It’s common consensus in the tech industry that the days of cars as we know them—powered by gas, driven by humans, and individually owned by all who want and can afford one—are numbered. Imminent is the age of autonomous, electric, and shared transportation, and we’re continuously taking small steps towards making it a reality. Self-driving software is getting better at avoiding accidents. Battery storage capacity is climbing. Solar energy is getting cheaper. This all points to a bright automotive future.
But not everyone is on board—in fact, some cities are taking the opposite approach, phasing out gas-powered cars altogether, limiting use of hybrid and electric cars, and making urban centers car-free. Will they be left in the dust as the rest of us are autonomously driven into the (energy-producing) sunset? Or do the anti-car folks have it right—is the brighter future one that forgoes cars in favor of even more sustainable and healthy modes of transportation?
What might Henry Ford think if he saw what’s become of his invention? Highways clogged with traffic, accidents a leading cause of death, commuters sealed alone and sedentary in their vehicles for hours.
Ford may have never expected cars to become cheap and accessible enough for us to use them to the extent we do today. And as the global middle class grows, cars are likely to proliferate even more; as people make more money, they want cars not just for transportation and convenience, but as status symbols.
The countries where the middle class has the most potential to grow—that is, countries where poverty rates are still relatively high—are also seeing people flock to cities in search of work and security. The UN predicts that 90 percent of the global shift to urban areas will take place in Asia and Africa, with Delhi, Dhaka, Bombay, and Kinshasa among the top 10 most populated future mega-cities.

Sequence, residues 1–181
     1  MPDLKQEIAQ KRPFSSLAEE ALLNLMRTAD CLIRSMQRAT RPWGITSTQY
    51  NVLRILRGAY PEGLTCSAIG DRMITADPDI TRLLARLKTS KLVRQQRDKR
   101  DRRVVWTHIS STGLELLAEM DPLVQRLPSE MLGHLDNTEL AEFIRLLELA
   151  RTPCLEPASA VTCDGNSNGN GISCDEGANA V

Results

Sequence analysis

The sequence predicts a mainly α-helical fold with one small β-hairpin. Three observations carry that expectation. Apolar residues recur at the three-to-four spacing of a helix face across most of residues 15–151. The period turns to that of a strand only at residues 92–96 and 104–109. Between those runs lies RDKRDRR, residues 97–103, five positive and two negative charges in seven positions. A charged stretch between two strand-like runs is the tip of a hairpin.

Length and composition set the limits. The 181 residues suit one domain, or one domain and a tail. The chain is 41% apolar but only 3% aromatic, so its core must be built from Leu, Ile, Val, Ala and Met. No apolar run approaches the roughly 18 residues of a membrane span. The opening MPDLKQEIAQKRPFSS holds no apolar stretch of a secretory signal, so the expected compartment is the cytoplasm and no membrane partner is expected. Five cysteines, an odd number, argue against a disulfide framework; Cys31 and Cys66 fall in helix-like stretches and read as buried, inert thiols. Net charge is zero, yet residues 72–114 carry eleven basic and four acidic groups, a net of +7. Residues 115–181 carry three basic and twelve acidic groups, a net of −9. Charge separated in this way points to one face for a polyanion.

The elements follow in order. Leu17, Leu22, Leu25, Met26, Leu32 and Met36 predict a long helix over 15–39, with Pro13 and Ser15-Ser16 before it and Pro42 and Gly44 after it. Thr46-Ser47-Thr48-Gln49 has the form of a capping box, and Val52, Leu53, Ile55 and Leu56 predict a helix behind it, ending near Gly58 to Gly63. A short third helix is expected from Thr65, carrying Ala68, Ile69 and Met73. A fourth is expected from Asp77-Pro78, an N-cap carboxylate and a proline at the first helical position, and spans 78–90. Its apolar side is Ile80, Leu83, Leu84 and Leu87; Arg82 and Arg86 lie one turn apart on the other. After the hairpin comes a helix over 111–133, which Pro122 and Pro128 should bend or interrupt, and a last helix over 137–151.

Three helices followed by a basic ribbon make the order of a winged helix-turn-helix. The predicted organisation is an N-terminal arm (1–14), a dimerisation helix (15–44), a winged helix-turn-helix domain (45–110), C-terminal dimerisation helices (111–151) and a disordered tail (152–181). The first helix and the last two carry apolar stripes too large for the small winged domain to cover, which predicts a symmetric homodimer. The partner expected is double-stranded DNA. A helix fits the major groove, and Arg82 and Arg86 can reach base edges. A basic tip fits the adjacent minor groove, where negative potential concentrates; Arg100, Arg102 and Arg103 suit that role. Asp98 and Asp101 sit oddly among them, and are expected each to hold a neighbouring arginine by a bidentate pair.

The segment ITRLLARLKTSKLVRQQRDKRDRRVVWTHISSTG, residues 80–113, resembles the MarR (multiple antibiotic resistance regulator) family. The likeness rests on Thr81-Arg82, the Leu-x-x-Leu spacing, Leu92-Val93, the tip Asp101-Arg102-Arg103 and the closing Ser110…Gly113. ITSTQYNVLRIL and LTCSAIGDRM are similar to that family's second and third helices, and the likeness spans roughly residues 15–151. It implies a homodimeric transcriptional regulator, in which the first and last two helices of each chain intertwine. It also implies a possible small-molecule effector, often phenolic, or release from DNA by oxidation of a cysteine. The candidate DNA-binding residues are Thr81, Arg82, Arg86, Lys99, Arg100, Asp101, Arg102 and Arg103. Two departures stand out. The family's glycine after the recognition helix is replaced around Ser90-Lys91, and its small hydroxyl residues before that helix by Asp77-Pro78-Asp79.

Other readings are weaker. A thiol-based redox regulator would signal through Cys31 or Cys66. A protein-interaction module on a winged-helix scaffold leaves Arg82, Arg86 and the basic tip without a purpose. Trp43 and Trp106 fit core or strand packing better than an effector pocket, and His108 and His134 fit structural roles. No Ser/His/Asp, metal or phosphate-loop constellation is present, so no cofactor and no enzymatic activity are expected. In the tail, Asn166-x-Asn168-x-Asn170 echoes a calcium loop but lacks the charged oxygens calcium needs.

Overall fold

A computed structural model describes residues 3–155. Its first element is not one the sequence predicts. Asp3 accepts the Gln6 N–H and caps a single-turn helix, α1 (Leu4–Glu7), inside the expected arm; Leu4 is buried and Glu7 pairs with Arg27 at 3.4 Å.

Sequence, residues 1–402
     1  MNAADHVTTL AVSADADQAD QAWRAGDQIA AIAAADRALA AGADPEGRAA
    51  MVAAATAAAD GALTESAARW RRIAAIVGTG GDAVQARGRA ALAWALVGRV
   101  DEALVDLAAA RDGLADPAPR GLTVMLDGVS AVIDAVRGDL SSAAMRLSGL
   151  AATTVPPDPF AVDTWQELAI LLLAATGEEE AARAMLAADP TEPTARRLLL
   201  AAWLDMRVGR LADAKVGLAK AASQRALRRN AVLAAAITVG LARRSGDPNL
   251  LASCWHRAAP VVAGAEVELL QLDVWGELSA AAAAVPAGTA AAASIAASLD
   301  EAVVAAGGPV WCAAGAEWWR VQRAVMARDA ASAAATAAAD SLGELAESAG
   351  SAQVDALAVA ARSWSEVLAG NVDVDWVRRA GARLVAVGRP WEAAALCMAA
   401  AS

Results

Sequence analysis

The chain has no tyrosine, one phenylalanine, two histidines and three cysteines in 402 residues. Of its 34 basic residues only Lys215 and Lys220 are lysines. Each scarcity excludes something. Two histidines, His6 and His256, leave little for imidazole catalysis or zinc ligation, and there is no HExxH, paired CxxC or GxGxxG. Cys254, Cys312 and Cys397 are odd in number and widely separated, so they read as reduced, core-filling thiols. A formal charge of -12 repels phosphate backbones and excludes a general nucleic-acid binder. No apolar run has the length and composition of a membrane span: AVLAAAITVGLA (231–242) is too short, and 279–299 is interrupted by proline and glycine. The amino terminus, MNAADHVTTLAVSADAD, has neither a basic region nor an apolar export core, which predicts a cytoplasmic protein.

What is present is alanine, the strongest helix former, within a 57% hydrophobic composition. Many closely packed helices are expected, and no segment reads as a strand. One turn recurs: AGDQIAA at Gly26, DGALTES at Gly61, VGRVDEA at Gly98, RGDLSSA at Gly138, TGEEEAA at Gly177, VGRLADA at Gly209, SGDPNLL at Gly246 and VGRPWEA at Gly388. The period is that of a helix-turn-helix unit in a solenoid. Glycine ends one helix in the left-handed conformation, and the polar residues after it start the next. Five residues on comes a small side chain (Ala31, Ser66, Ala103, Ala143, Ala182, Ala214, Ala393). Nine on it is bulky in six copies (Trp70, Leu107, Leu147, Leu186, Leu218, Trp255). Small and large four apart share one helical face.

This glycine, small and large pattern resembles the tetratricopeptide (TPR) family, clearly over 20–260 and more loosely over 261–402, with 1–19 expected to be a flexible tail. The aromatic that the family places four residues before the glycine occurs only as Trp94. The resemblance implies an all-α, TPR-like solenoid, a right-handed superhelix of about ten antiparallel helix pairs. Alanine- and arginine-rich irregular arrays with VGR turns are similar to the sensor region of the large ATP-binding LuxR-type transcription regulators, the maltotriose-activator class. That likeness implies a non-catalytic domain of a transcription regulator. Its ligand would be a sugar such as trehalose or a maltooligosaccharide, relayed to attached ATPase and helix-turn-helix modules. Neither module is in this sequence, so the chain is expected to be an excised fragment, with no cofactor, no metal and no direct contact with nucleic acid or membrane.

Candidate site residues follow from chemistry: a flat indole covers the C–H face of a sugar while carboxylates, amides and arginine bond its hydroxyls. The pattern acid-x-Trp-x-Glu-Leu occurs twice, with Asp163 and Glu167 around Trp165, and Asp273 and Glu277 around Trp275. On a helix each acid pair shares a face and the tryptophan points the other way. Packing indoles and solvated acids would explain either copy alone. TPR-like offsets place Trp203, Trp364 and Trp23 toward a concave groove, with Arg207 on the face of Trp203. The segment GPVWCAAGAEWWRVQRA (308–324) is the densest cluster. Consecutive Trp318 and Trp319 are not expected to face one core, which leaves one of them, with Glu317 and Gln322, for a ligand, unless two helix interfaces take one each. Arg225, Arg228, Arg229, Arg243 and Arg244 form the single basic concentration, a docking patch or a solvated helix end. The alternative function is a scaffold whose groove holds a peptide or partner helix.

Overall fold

It would be messy enough to add millions more cars to cities that have an existing infrastructure for them—and far messier to add them to cities like these that don’t. Plus, even if the cars are electric, the electricity has to come from somewhere, and even the world’s wealthiest countries aren’t likely to get to 100 percent renewables until 2050 at the soonest. And you can only have so much congestion before a city’s quality of life and economy are impacted.
Mexico City was the first in the world to take serious action against traffic congestion, implementing daily “no drive restrictions” based on license plate numbers. London, Singapore, and Stockholm all use congestion pricing, where drivers have to pay to enter city centers or crowded streets.
These are minor measures compared to the steps other cities are taking to discourage people from driving.
Ready? Here are some rapid-fire stats on cities taking steps to limit cars.
Madrid made its city center a designated low-emission zone, restricting access by older diesel and gas cars and planning to ban these vehicles from the zone completely by 2020. Hybrid cars can get an “eco label” and circulate freely.
The whole of Denmark is planning to ban the sale of new gas and diesel carsstarting in 2030, and the sale of hybrid cars starting in 2035. Copenhagen already has one of the lowest rates of car ownership and highest rates of bike commuting in Europe.
In Paris, no cars are allowed in the city center between 10 a.m. and 6 p.m on the first Sunday of every month. Cars made before 1997 aren’t allowed in the city on weekdays, and the city is doubling its number of bike lanes.
Athens will ban diesel cars by 2025 and already restricts the days of the week they can drive in the city center, based on license plate numbers.